|Cursive: Writing terminal applications in Rust|
As a learning exercise to sharpen my Rust programming skills, I recently toyed with writing a small program that uses a terminal-based user interface which I built using the Cursive crate developed by Alexandre Bury. Cursive provides a high-level framework for building event-driven terminal applications using visual components such as menu bars, text areas, lists, dialog boxes, etc. Conceptually, developing with Cursive is one level of abstraction higher than using a library such as ncurses, which provides a more raw interface to managing screen contents and translating updates to the terminal's native language. In fact, Cursive defaults to using ncurses as one of several possible backends, and allows setting themes to customize various text colors and styles.
Why write terminal applications?
In today's software world, no one writes terminal applications expecting them to be a hit with the masses. Graphical applications (e.g. desktop apps or web apps) provide a uniquely intuitive interface model that allows users to quickly become productive with a minimal learning curve, offer a high-bandwidth flow of information to the user, and remain the only reasonable solution for many problem categories. Many applications would simply not be possible or practical without a GUI. However, terminal programs can find a niche audience in technical users such as software developers and system administrators who are often in need of utilities that are a bit more two-dimensional than the command line's standard input and output, but retain the flexibility to be easily used remotely or on devices of limited capability.
Also, terminal apps are often extremely fast — fast enough to maintain the illusion of the computer being an extension of the mind. I find it frustrating that in 2017 I still spend plenty of time waiting for the computer to do something. Occasionally even typing into a text field in a web browser is laggy on my high-end late-model iMac. For every extra cycle the hardware engineers give us, we software engineers figure out some way to soak it up.
The terminal is not for everyone, but lately I've found it's the one environment that is instantaneous enough that my flow is not thrown off. For kicks, I recently installed XUbuntu on a $150 ARM Chromebook with the idea of mostly just using the terminal (and having a throwaway laptop that I'm not scared to use on the bus/train). I expected to mostly be using it as a dumb terminal to ssh into servers, but to my surprise, it has actually proven to be very capable at performing a wide range of local tasks in the terminal with good performance.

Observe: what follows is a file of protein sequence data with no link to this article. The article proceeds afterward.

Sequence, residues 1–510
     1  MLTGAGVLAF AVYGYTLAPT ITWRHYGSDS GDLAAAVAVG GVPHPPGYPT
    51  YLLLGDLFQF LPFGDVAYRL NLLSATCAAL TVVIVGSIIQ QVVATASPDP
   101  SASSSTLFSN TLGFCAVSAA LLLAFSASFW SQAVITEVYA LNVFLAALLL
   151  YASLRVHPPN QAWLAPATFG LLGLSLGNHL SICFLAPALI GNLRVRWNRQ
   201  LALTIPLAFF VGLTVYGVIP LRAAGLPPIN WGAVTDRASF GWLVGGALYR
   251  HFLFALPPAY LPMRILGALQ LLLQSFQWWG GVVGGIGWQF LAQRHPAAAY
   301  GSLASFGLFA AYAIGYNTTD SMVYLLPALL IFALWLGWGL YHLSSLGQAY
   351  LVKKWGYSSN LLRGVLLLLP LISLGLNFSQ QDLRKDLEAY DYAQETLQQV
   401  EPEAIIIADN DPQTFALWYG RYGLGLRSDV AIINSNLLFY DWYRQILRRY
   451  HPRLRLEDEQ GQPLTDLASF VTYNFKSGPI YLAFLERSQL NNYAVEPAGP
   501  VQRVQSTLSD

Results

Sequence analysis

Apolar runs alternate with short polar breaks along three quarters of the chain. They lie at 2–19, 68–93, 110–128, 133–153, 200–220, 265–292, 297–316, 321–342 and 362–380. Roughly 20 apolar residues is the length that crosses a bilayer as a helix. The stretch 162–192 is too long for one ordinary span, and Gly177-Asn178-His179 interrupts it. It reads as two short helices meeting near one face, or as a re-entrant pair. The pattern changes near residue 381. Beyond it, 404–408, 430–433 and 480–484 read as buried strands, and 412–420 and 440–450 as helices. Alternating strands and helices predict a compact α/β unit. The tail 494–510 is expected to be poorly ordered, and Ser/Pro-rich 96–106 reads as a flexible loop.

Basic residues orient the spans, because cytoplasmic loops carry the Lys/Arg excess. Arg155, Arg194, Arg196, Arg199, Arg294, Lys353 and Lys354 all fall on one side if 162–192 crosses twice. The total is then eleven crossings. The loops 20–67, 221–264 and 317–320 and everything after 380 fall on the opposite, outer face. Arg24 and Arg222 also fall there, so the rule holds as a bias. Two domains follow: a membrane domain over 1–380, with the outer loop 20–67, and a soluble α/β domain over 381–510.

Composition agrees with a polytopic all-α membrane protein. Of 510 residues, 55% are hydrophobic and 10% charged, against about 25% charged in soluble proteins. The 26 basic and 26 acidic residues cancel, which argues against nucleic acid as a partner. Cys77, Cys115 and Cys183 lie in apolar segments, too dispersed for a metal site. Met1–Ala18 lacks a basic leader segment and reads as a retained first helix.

The Cursive framework
Anyone who has developed software with a GUI toolkit (e.g. Windows,
GTK+, Java Swing, Cocoa, etc.) will find most Cursive concepts to be
very familiar. Visual components are called
(some toolkits use use the terms "widget" or "control" for the same
concept), and are installed into a tree which is traversed when
rendering. Some views may contain child views and are used for layout
LinearLayout), while others are used as leaf nodes that
provide information or interact with the user (e.g.
etc.). Cursive can maintain multiple view trees as "screens" which can
be switched between. Each screen's view tree has a
as the root element, whose children are subtree "layers" that can be
pushed and popped.
Cursive provides an event model where the main program invokes
and the Cursive event loop will render views and dispatch to registered
callbacks (typically Rust closures) as needed until
is called, at which time the event loop exits. Alternately, the main
program may choose to exercise more control by calling
as needed to perform a single iteration of input processing, event
dispatch, and view rendering.
events are processed by whichever input view currently has focus,
and the user may cycle focus using the tab key.
Cursive diverges from other UI toolkits with respect to referencing views. In many environments, we would simply store references or pointers to any views that we need to reference later, in addition to whatever references are needed internally by the view tree to form the parent-child relationships. However, Rust's strict ownership model requires us to be very explicit about how we allow multiple references to the same memory.
After the main program instantiates and configures a view object, it
generally adds it to the view tree by making it the child of an existing
or adding it to a screen's
StackView as a layer. Rust
ownership of the object is moved at that time, and it is no longer
directly accessible to the main program.
To access specific views after they have been integrated into a view
tree, views may be wrapped in an